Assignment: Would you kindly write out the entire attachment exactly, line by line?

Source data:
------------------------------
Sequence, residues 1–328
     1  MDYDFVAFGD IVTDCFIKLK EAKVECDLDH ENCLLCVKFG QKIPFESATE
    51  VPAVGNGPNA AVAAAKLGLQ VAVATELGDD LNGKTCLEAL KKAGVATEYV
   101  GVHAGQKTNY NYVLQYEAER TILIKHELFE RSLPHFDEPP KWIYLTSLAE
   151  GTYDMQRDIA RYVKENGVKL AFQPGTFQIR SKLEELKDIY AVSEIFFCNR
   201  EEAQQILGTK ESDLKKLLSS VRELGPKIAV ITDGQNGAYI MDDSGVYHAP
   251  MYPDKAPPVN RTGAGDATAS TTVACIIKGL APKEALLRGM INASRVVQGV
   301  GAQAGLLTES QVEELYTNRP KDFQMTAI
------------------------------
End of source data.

Sequence, residues 1–328
     1  MDYDFVAFGD IVTDCFIKLK EAKVECDLDH ENCLLCVKFG QKIPFESATE
    51  VPAVGNGPNA AVAAAKLGLQ VAVATELGDD LNGKTCLEAL KKAGVATEYV
   101  GVHAGQKTNY NYVLQYEAER TILIKHELFE RSLPHFDEPP KWIYLTSLAE
   151  GTYDMQRDIA RYVKENGVKL AFQPGTFQIR SKLEELKDIY AVSEIFFCNR
   201  EEAQQILGTK ESDLKKLLSS VRELGPKIAV ITDGQNGAYI MDDSGVYHAP
   251  MYPDKAPPVN RTGAGDATAS TTVACIIKGL APKEALLRGM INASRVVQGV
   301  GAQAGLLTES QVEELYTNRP KDFQMTAI